Kentucky Coffee Tree Seedlings - September 2021

Earlier this Spring, I came across some Kentucky Coffee Tree seed pods at a park by Downers Grove South and began the journey of getting them to sprout and grow into tiny tree seedlings.  I posted about that process (cracking up the pods, soaking the seeds, planting them, etc) back in June here. Over the past 70 days, I've kept them alive in their little nursery stock containers and have watered them (enough) to get the little trees to grow.  In the photo above, you can see my tray of little Kentucky Coffee Trees.  And one little Maple seedling.  

In total, there are five containers of Kentucky Coffee tree seedlings with to little trees in each one - ten total trees.  (And that one Maple). 

Below, is a look at one of the containers showing the pair of seedlings.  As a milestone, the trunks of these are NOW woody.  No longer green - or red like the leaflets.  If you look closely, you'll see that the trunk has a TINY bit of 'turned wood' on it - near the top.  Meaning, the woody part that will remain after the leaflets drop isn't just a straight stick in the air.  

Here, below, is a pair of Kentucky Coffee tree seedlings from a different angle.

And, finally...below is a photo of just that lone Maple tree seedling.  This one was a tiny seedling that had self-sown in one of our beds, so I dug it up and stuck it in the pot.  

As the temperatures begin to drop, I have to (now) start thinking about overwintering these seedlings.  Where do I put them?  Bring them in the garage? Screened porch? Dig them in the ground?  Leave them in their pots and just assume they'll be fine?  I've read conflicting advice - but this response from the Toronto Master Gardeners regarding Catalpa tree seedlings (another native tree), seems like the right answer:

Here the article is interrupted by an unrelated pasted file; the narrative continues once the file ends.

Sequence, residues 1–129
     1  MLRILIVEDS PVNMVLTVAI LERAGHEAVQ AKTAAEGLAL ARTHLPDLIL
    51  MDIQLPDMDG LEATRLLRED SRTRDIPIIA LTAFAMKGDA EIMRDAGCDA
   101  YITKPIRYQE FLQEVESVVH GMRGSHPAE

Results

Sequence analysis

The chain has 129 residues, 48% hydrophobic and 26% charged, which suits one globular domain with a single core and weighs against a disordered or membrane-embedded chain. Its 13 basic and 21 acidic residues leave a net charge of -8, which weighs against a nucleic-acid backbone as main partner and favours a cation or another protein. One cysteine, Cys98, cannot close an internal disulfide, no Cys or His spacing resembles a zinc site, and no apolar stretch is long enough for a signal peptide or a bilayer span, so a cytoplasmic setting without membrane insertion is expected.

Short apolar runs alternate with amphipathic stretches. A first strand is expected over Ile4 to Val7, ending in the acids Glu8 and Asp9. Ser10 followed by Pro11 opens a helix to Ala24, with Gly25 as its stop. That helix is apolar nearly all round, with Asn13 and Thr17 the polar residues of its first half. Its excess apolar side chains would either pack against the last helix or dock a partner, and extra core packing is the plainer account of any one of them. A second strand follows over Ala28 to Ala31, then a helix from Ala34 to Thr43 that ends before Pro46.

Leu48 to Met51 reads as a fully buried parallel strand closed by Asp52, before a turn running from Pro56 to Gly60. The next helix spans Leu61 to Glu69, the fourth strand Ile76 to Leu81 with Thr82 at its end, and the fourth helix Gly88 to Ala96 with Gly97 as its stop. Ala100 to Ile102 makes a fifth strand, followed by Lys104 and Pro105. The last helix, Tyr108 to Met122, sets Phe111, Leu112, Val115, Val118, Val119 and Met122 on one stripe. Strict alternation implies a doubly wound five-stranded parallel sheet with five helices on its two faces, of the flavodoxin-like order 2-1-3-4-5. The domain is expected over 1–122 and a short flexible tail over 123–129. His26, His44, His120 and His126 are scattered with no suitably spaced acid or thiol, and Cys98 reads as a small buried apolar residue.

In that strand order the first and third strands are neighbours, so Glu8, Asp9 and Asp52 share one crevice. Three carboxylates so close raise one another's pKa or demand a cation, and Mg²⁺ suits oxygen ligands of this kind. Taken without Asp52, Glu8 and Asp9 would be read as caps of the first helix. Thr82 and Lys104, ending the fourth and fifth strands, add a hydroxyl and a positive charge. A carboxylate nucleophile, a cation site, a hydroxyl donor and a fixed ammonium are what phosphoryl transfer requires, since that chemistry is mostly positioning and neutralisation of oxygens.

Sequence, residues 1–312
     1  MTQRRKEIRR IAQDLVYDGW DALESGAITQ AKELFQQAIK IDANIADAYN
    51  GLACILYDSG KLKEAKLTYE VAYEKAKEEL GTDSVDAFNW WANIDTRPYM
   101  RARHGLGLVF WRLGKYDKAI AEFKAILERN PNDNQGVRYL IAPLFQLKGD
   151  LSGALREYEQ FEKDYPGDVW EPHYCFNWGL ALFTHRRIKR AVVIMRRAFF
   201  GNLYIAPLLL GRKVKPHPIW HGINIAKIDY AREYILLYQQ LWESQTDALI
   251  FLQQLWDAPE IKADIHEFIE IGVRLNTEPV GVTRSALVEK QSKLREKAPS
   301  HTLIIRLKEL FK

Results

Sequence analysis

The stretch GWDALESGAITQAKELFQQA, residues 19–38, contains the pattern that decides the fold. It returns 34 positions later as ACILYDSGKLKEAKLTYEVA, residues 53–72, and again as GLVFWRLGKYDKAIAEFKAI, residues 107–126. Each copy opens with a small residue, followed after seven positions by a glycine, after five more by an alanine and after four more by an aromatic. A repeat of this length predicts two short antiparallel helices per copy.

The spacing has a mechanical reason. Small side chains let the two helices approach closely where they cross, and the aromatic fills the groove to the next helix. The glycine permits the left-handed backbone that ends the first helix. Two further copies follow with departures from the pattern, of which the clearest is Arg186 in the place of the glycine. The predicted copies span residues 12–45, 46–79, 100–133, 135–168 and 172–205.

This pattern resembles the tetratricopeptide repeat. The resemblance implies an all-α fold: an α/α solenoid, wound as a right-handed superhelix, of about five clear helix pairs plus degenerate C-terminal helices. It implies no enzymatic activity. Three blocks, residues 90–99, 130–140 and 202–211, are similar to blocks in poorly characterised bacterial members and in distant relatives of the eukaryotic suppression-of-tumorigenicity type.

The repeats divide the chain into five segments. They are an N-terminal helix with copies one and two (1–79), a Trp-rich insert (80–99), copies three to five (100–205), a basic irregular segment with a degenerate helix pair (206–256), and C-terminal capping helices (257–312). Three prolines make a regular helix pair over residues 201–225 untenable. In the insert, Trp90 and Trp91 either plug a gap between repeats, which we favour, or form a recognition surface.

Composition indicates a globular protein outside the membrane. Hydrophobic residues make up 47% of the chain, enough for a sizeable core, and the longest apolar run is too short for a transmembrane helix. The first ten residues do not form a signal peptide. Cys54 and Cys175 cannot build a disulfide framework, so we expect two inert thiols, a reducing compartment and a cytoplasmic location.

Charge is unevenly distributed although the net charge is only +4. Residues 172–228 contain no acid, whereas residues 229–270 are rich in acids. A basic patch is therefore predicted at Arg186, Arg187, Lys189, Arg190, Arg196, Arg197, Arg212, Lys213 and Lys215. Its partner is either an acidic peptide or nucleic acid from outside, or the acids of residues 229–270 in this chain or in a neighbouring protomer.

The seedlings can also be overwintered by planting each of them a sturdy plastic pot in the ground. This should be done a week or so before the expected first frost of the late fall or winter. The pot should be placed in a sheltered position. Place it in a hole that is slightly deeper than the container. Put gravel in the hole which will help with drainage in the spring. The rim of the pot should be slightly lower than the ground. Back fill around the pot and then put some soil over the top of the pot. You can put a little mulch over this but don’t let it touch the plant. In the spring as soon as the ground has thawed, lift the pot out of the ground. When fresh growth starts you can plant it in its permanent location. They can also be placed in cool space indoors where the temperatures are in upper 30’s or lower 40’s. Give the plants just a little water a few times over winter to keep the roots from getting too dry. Since you have several seedlings you can try each of the methods to find out which works the best.

(emphasis, mine) 

Don't do the same thing with ALL of them.  I'll dig a few in the ground and mulch them in.  Then, I'll put some in the garage.  Some in the screened porch.  Hopefully all routes lead to leafing out trees next year.  By then, hopefully they'll be ready to plant in the ground. 

Comments

Popular posts from this blog

Lou Malnati's Salad Dressing Recipe as Published in the 60's

Cedar Summit Panorama Playset from Costco

Columnar Tree Tips via Pretty Purple Door